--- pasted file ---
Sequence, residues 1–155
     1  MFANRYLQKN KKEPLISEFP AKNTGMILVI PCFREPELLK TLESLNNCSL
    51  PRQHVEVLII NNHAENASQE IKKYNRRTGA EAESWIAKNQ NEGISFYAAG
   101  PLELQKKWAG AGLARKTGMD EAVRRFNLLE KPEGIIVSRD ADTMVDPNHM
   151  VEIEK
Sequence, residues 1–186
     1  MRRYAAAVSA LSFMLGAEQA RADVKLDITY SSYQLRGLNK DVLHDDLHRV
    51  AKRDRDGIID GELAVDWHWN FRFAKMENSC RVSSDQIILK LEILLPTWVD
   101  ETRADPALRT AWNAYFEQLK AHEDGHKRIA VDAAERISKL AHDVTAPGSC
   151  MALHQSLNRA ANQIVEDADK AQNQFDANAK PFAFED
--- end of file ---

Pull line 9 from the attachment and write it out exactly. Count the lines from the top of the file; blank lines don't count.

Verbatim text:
   101  ETRADPALRT AWNAYFEQLK AHEDGHKRIA VDAAERISKL AHDVTAPGSC